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Optional algol syntax style

P: n/a
I think, allowing to specify blocks with algol style (for-end, if-end,
etc) will allow to write easy php-like templates
and would attract new web developers to python (as php and ruby do).
It can be straight compilled into Python bytecode cause there is
one-to-one transformation.
So this:
# -*- syntax-style: algol -*-
class asd:
def __init__(self,a):
if a:
for i in xrange(100):
pass
else:
while false:
pass
else:
pass
end
end
else:
self.a=None
end
end
end
is equivalent for:
class asd:
def __init__(self,a):
if a:
for i in xrange(100):
pass
else:
while false:
pass
else:
pass
else:
self.a=None
but could be written as:

# -*- syntax-style: algol -*-
class asd: def __init__(self,a): if a: for i in xrange(100): pass; else:
while false: pass; else: pass; end; end; end; end;

which is easier to embed into http template (php and ruby shows it).

And, maybe, there can web syntax - equivalent for php and ruby template:
<%# -*- syntax: web -*-%>
<%# -*- command: print -*- %>
<%
def print_all(l):%>
<table><%
for k in l:%>
<tr><td>#{k.name}</td><td>#{k.surname}</td></tr>
<%end%>
</table>
<%end
# -*- command: yield -*-
def yield_all(l):%>
<table><%
for k in l:%>
<tr><td>#{k.name}</td><td>#{k.surname}</td></tr>
<%end%>
</table>
<%end
# -*- command: S.write -*-
def write_all(S,l):%>
<table><%
for k in l:%>
<tr><td>#{k.name}</td><td>#{k.surname}</td></tr>
<%end%>
</table>
<%end%>

will be translated as it were written:
def print_all(l):
print (r"<table>")
for k in l:
print (r"<tr><td>"+`k.name`+ r"</td><td>"+`k.surname`+ r"</td></tr>")
# or print (r"<tr><td>"+str(k.name)+ r"</td><td>"+str(k.surname)+
r"</td></tr>")
print (r"</table>")
def yield_all(l):
yield (r"<table>")
for k in l:
yield (r"<tr><td>"+`k.name`+ r"</td><td>"+`k.surname`+ r"</td></tr>")
yield (r"</table>")
def write_all(S.l):
S.write (r"<table>")
for k in l:
S.write (r"<tr><td>"+`k.name`+ r"</td><td>"+`k.surname`+
r"</td></tr>")
S.write (r"</table>")

I offer to include it into iterpretter, so we can leave another
compilation stage, as it exists with popular
template libraries, which compile their template files into bytecode (or
python source)

Sep 5 '05 #1
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3 Replies


P: n/a
Sokolov Yura wrote:
I think, allowing to specify blocks with algol style (for-end, if-end,
etc) will allow to write easy php-like templates
and would attract new web developers to python (as php and ruby do).
It can be straight compilled into Python bytecode cause there is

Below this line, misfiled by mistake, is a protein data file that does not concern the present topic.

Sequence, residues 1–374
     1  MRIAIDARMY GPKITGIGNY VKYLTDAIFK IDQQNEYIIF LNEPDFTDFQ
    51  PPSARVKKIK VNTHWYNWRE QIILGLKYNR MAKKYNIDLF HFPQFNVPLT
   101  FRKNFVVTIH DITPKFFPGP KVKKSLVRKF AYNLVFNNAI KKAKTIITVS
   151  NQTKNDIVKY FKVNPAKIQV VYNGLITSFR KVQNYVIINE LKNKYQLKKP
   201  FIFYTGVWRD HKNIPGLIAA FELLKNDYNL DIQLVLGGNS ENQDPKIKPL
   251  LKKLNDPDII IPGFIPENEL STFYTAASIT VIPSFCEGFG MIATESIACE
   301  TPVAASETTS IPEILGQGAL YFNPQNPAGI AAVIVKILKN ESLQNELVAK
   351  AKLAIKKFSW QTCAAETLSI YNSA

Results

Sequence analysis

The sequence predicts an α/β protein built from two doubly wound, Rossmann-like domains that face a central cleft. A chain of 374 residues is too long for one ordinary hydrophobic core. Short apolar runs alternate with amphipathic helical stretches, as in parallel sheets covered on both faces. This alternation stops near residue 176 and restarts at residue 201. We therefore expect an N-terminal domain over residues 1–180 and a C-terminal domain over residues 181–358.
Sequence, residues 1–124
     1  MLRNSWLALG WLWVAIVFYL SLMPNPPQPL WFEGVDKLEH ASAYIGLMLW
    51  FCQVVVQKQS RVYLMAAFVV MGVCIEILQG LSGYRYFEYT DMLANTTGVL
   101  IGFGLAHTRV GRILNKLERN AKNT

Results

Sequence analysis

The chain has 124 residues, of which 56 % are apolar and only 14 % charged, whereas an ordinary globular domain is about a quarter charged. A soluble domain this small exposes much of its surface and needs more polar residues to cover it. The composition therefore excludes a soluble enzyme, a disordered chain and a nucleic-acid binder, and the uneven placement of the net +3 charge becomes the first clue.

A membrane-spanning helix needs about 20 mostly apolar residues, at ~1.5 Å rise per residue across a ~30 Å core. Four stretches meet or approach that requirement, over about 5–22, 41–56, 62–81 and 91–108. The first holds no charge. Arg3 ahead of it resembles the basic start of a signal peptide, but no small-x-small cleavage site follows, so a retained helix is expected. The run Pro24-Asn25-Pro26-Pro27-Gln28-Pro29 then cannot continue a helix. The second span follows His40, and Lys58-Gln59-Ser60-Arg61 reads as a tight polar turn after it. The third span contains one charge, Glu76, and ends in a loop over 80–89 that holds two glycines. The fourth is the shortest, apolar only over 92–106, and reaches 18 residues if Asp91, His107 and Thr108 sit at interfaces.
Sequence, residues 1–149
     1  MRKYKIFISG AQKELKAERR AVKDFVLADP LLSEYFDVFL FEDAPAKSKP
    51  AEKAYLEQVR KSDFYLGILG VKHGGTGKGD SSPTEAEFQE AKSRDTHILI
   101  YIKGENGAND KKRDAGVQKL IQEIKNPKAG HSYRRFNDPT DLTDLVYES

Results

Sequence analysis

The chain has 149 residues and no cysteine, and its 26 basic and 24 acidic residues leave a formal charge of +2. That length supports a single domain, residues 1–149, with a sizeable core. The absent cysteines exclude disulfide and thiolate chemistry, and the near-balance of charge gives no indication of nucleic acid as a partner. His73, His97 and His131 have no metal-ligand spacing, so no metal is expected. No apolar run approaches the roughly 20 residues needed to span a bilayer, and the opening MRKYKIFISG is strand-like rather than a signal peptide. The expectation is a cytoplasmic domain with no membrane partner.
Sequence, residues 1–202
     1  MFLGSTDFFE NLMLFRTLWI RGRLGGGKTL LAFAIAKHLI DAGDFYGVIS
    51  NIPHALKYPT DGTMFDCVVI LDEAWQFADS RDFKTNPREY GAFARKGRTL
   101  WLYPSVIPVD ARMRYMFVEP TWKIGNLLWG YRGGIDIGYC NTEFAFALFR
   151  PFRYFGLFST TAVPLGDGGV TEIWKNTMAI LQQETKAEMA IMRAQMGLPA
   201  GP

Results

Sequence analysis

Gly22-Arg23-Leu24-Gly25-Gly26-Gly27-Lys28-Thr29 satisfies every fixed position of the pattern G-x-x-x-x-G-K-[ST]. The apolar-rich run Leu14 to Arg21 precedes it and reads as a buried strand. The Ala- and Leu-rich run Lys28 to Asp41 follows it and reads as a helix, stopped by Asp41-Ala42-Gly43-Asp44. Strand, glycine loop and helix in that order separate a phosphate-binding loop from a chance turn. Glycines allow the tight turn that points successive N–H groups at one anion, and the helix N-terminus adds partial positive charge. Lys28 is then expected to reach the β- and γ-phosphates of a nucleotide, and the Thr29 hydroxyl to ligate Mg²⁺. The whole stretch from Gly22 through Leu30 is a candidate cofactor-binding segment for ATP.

one-to-one transformation.
[snip details]


Standard answer to this kind of question:

You can already do that in Python. It's spelled #end.

/MiO
Sep 5 '05 #2

P: n/a
You didn't quite get the OP's intention, I guess.

The OP wanted Python to be a bit more freeform by adding "end" tags.
That might be an improvement for web scripting, but I haven't seen the
solutions of the existing frameworks and won't dare to compare.

Sep 5 '05 #3

P: n/a
"Christoph Rackwitz" <ch****************@gmail.com> writes:
You didn't quite get the OP's intention, I guess.

The OP wanted Python to be a bit more freeform by adding "end" tags.
That might be an improvement for web scripting, but I haven't seen the
solutions of the existing frameworks and won't dare to compare.


Existing frameworks (the one's I've looked at anyway) tend to replace
indents with end tags of some kind. Doing anything else tends to get
ugly unless the language you are templating for treats whitespace the
same way Python does.

I'd argue that you're better off using a real templating system than
trying to mangle Python into becoming a more acceptable templating
system. For templates, you tend to want to access multiple different
names spaces that are only vaguelly related to the Python contextual
name spaces. For example, you may want CGI (or whatever variables)
available directly in the template, rather than as
CGI["foobar"].value. However, you don't want them showing up in front
of your templat variables; you want to be able to say "add CGI
variables foo, bar and foobar to the current name space" in a short
manner.

Templating systems (well, the better ones, anyway) let you manipulate
those name spaces in ways you can't do in python. Cheeta and
ClearSilver come to mind as systems that will let you do this.

<mike
--
Mike Meyer <mw*@mired.org> http://www.mired.org/home/mwm/
Independent WWW/Perforce/FreeBSD/Unix consultant, email for more information.
Sep 7 '05 #4

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